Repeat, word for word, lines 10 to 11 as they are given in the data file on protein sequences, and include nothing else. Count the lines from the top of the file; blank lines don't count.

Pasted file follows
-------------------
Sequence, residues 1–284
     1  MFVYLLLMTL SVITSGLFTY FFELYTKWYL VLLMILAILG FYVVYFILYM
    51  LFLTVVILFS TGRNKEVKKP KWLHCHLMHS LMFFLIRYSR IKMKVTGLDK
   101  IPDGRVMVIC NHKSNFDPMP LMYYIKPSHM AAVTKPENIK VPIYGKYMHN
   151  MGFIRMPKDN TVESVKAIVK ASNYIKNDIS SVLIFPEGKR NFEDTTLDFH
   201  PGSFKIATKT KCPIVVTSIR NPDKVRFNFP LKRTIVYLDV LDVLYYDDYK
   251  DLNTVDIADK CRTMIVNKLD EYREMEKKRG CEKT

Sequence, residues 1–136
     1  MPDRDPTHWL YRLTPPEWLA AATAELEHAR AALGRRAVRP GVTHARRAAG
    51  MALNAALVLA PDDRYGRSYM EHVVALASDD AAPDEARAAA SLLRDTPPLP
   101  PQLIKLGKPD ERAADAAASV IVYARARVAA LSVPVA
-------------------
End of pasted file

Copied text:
    51  MALNAALVLA PDDRYGRSYM EHVVALASDD AAPDEARAAA SLLRDTPPLP
   101  PQLIKLGKPD ERAADAAASV IVYARARVAA LSVPVA